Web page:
Role of Food Processing Industry for Food Security in India

Only available on StudyMode
  • Download(s) : 236
  • Published : January 4, 2011
Open Document
Text Preview
Jyoti Shekhar Jakhete
KCE’S Institute of Management & Research,
N.H no 6, Behind DIC. Jalgaon-425001 (MS) India
Phone no:0257-2260567


Indian food processing industry has seen significant growth and changes over the past few years, driven by changing trends in markets, consumer segments and regulations. These trends, such as changing demographics, growing population and rapid urbanisation are expected to continue in the future and therefore, will shape the demand for value added products and thus for food processing industry in India. The Government of India’s focus towards food processing industry as a priority sector is expected to ensure policies to support investment in this sector and thus attract more FDI.

Some of the sectors which are relatively more attractive include Fruits and Vegetables, Meat, poultry and fisheries, dairy products, snack foods and ready-to-make items. India, having access to vast pool of natural resources and growing technical knowledge base, has strong comparative advantages over other nations in this industry. Also, the Government has provided various incentives such as capital subsidies and tax exemptions for boosting investments in these segments.

However despite the various aspects making these sectors attractive certain success factors are crucial in reaping their potential. These include, scale and supply chain efficiency, brand competitiveness and effective marketing, deploying superior technology, product innovation and pricing.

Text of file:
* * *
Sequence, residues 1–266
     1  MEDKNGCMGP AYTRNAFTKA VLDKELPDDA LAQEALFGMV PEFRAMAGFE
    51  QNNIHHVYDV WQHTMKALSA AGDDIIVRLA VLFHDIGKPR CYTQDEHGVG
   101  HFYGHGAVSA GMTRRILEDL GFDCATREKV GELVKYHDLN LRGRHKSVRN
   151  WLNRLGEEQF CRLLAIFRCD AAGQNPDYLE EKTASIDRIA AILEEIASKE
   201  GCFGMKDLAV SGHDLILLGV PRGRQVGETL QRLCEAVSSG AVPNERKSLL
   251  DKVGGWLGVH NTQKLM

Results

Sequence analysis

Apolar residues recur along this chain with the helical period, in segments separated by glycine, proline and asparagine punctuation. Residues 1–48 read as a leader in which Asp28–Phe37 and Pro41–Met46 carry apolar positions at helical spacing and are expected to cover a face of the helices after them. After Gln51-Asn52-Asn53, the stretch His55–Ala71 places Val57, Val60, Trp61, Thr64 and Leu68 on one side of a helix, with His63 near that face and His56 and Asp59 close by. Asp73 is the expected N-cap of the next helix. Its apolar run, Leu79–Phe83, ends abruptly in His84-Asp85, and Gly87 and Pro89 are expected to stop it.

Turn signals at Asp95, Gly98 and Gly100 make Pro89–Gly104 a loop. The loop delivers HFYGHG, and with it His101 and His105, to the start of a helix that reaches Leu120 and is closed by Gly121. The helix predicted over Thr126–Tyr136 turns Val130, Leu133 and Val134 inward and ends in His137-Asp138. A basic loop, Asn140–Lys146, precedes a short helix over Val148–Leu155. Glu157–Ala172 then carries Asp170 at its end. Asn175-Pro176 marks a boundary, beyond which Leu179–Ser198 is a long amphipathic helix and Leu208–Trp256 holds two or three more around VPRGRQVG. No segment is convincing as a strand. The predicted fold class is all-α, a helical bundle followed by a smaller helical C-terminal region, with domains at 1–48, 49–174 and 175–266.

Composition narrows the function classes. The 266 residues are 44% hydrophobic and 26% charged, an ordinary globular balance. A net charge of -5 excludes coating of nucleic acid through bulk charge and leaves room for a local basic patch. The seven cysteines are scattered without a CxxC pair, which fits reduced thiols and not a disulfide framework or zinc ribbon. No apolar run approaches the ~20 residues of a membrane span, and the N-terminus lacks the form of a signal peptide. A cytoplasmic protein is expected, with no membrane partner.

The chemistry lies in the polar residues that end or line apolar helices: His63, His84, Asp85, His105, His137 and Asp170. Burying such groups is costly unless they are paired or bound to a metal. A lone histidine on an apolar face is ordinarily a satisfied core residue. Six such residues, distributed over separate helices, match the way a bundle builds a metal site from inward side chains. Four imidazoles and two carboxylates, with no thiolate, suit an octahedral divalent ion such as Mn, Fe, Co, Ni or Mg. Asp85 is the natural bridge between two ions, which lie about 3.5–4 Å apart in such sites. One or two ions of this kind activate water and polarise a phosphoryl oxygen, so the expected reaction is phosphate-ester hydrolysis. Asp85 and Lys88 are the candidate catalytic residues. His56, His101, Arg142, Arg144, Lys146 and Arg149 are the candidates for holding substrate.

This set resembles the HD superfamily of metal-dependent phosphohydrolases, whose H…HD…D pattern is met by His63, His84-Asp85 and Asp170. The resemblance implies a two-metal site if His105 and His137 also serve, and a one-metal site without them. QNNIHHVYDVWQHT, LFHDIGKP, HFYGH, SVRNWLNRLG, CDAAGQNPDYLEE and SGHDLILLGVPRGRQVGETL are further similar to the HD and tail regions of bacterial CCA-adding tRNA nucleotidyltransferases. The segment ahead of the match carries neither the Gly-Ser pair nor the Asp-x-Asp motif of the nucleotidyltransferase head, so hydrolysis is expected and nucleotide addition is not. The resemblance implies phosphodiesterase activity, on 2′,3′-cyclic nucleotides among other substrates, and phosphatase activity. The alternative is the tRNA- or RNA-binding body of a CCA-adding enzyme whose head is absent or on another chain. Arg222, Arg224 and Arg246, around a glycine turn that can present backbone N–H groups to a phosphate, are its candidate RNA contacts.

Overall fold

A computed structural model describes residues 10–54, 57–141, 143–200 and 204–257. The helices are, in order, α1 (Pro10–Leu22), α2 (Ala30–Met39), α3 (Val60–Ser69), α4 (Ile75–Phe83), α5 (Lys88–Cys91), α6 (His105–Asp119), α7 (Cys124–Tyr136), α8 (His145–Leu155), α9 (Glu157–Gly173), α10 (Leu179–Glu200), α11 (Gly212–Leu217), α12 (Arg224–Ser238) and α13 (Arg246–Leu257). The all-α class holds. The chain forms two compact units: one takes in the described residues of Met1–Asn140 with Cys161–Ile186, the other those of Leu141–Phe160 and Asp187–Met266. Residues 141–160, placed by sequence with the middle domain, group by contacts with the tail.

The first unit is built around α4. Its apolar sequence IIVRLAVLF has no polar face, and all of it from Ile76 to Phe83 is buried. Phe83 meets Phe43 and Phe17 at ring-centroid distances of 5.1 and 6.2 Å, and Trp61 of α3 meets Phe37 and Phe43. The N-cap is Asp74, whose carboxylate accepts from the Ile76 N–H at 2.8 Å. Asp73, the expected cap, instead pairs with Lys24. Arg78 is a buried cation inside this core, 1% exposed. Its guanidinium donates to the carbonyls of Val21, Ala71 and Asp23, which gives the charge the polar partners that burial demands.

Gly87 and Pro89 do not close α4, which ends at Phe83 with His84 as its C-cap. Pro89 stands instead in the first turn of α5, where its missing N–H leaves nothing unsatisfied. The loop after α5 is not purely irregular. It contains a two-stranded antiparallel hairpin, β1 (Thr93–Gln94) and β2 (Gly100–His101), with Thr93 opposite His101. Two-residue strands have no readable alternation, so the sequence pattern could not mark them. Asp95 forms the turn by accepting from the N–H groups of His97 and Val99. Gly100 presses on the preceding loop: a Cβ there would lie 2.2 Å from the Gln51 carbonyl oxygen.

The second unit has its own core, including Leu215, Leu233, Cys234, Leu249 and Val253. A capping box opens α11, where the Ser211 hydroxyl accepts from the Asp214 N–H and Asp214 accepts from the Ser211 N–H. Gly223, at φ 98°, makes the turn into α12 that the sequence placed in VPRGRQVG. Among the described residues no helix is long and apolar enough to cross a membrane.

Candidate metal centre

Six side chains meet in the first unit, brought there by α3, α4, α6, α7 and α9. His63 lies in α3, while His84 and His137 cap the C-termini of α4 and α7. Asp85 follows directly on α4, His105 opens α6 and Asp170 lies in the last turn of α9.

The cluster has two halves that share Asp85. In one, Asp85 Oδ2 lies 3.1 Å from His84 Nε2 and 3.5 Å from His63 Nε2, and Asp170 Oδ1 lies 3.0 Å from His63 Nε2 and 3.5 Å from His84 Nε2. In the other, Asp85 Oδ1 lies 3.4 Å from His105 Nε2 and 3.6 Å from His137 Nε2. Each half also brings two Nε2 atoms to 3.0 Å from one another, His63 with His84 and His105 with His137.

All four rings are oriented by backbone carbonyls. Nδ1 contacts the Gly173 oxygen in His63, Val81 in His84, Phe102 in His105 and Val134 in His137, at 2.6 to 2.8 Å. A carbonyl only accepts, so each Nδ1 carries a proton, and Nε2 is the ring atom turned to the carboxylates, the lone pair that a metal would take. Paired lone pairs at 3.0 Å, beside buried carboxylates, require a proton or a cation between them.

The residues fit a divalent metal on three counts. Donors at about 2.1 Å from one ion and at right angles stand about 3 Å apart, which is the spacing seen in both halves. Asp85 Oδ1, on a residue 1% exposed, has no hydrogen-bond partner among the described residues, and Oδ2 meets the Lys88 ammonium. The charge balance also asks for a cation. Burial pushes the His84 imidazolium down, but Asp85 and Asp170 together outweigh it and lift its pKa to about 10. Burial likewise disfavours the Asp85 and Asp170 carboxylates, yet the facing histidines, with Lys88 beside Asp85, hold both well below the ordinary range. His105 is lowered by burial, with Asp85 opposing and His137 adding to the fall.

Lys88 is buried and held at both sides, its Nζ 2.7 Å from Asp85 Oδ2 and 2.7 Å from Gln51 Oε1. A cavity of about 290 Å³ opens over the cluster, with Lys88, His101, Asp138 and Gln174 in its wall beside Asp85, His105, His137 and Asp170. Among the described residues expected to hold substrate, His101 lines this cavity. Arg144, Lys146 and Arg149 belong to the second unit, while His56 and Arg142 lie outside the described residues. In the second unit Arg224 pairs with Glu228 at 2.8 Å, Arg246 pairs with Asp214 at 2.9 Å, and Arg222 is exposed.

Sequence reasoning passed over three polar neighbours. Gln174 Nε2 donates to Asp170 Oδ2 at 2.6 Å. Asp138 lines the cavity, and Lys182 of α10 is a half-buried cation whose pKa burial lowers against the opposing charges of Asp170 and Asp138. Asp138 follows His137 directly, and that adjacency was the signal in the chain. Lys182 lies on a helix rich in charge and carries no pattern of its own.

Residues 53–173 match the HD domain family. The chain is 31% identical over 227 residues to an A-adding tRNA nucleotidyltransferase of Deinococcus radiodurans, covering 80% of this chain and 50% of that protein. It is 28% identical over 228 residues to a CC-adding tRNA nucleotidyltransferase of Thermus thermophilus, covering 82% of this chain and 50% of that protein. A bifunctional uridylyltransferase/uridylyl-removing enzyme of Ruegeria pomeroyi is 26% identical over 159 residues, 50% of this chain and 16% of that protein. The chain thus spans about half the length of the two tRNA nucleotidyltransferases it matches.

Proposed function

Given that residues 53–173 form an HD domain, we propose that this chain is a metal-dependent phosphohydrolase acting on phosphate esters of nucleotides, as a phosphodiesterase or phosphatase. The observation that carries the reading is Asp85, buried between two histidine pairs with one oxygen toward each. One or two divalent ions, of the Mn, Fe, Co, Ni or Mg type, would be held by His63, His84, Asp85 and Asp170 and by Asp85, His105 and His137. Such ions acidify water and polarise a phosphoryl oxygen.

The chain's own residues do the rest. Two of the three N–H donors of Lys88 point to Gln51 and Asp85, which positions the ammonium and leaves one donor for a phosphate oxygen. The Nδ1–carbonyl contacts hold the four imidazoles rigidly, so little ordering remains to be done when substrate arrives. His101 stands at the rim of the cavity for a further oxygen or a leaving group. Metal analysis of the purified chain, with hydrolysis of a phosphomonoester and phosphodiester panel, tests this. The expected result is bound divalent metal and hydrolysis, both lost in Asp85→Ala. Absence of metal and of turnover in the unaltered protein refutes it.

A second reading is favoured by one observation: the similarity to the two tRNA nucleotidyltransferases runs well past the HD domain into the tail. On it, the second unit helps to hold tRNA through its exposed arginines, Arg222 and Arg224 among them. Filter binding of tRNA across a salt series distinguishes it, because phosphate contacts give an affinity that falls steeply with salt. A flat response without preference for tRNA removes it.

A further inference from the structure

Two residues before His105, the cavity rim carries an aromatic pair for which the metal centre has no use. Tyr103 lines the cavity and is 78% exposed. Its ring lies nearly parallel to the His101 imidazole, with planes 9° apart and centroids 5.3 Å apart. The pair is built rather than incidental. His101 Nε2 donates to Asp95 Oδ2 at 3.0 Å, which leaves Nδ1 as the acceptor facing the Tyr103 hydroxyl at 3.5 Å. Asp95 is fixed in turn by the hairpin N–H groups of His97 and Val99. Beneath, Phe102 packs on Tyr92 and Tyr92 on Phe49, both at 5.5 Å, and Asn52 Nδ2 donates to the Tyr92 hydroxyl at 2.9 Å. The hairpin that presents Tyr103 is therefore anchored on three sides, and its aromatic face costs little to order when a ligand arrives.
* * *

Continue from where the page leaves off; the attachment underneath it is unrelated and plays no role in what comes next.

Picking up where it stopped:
Many Indian company such as “HALDIRAM’ have been successful by leveraging the India-advantage. Learning from the experience of this successful traditional food industy and in light of the above assessment, the food processing sector in India clearly have a major role in food security and an attractive sector for investment and offers significant growth potential to companies so investing.

A well-integrated supply chain and a successful marketing strategy with investments in the most attractive segments is key to competitiveness to success in this sector. This work is based on an interview with Mr.ShivkishanAgrawal, Director, Haldiram’s Nagpur.

Keywords: Success factors, India-advantage, food security

1.Introduction :
The food industry in India is high with attempts at value-addition to make food more nutritious and healthy. Ready –to-eat food packs are gaining popularity even in small towns. This has been fuelled by growing urbanisation, large disposable incomes, change in people’s lifestyles as well as consumption patterns. The new wave in food industry is not only about multinational companies arriving here attracted by the prospective size of the market, it is also about traditional Indian food and spices making a mark in the world market. Looking at the rapid rate at which the shelf space of the global food market is being gobbled up by Indian food processors, it is only a matter of time that the whole world relishes the taste of India. Ironically the Indian food processing industry began its journey with a variety of products of western origin that were marketed primarily to cater to the urban middle class. For example bread, butter, cheese, jam, biscuits, noodles, hamburgers, pizzas and pastas, soft drinks, carbonated beverages, chocolates, ice-cream etc. which have their origin in the west. Now ready-to-eat/cook Indian food items, dairy products, marine and meat products and also agri food products are going in reverse gear to foreign countries. The Indian food sector, however, has not yet realised its potential and there is scope for further value creation by modernising the sector. With better technologies, quality standards and hygiene in production, India can become the food factory of the world. (Food & beverage News Nov-16-30)

tracking img